Tom Hooper's greatest achievement as a director is making us forget we're essentially watching two guys in a room together, ultimately this feels much more expansive in spite of majority of the film taking place in the gloom of pre-war interiors.

The King's Speech is a film that everyone can and should enjoy, featuring beautiful work both in front and behind the camera, I just wish it had a little more to say.

5 comments:

TomS said...

I'm glad you've come around to this film, Ben. You've written a nice review that captures the spirit of the work.

I think, in time, we will recognize this as a brilliant "little" film.

A costume drama often lead us to expect great epic sweep. So it takes us by surprise when it turns out to be intimate and limited, although focused, in scope.

What this film did was illuminate a small element of a momentous period in history, one that has been all but completely covered by the movies.

And it does so gracefully and entertainingly. It also "makes a statement" about the beauty and importance of the spoken word, to an audience that is quietly consumed by keyboards.

Thanks for the review!

Alex in Movieland said...

oh, Ben, you sure liked it more than I did. I have to say it again: to me, it was the weakest of the 10.

nothing I hate about it, it just didn't catch my interest. Geoffrey Rush is best in show, Colin is fine but I just didn't like the character. Helena is cool, very effective performance.

I'm not among those who find the Cinematography nomination absurd (there are plenty!), just that I could easily name 10 films more worthy.

I suspect you would easily back-up David Fincher's direction over Hooper's. even though I've seen no big mistakes in Hooper's directing, he's not making my Top 15 for this category. He's ok, but far from award-worthy for me.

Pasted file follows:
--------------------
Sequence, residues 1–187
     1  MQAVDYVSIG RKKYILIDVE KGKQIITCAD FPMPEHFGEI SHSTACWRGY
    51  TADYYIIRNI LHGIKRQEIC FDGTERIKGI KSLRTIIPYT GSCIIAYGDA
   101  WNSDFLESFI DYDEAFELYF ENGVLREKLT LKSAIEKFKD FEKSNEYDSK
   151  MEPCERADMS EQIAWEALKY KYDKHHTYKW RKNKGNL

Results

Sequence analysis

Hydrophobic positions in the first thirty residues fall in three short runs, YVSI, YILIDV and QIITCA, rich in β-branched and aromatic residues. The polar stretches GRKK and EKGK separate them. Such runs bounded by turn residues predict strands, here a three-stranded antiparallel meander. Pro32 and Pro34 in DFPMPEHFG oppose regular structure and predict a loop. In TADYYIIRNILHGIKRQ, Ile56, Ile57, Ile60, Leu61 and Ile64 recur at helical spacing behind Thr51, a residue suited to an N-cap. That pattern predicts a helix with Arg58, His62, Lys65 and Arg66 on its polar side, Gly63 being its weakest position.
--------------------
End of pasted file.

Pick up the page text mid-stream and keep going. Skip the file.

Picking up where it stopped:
truth is, other than Crash - which I need to see again, and maybe Braveheart, I can't seem to find a less deserving BP winner of the last 20 years.

:)
oh, I'm so mean today.
it's probably the fact that I had to go through Barney's Version last night.

Runs Like A Gay said...

Ooh dissent in the comments. I love it.

Tom,

I think this is a great little film, but there are better little films. And being limited in scope is fine but it should have stayed that rather than overplaying it's card towards the end.

That said your comments about the spoken word are very valid and this is probably the most inspiring of last years movies.

Alex,

It won the Oscar because it's so inspiring, and although it wouldn't have been my first choice I can fully support the Academy's vote as a compromise winner, and it's certainly lots better than The Fighter.

I thought the cinematography was insightful and exciting so achieved everything it needed to do.

Hopefully your mean streak lifts soon and you can appreciate this movie for what it is - not for stealing the best directing Oscar from Fincher. (even though I agree with you there)

Alex in Movieland said...

oh, I don't dislike it because of its Oscar wins.
I had formed an opinion once I saw it, which was before it became clear that it was gonna win every top prize.

Runs Like A Gay said...

Sorry, I was in a pissy mood yesterday.

Of course you looked at it objectively, and I shouldn't have implied otherwise.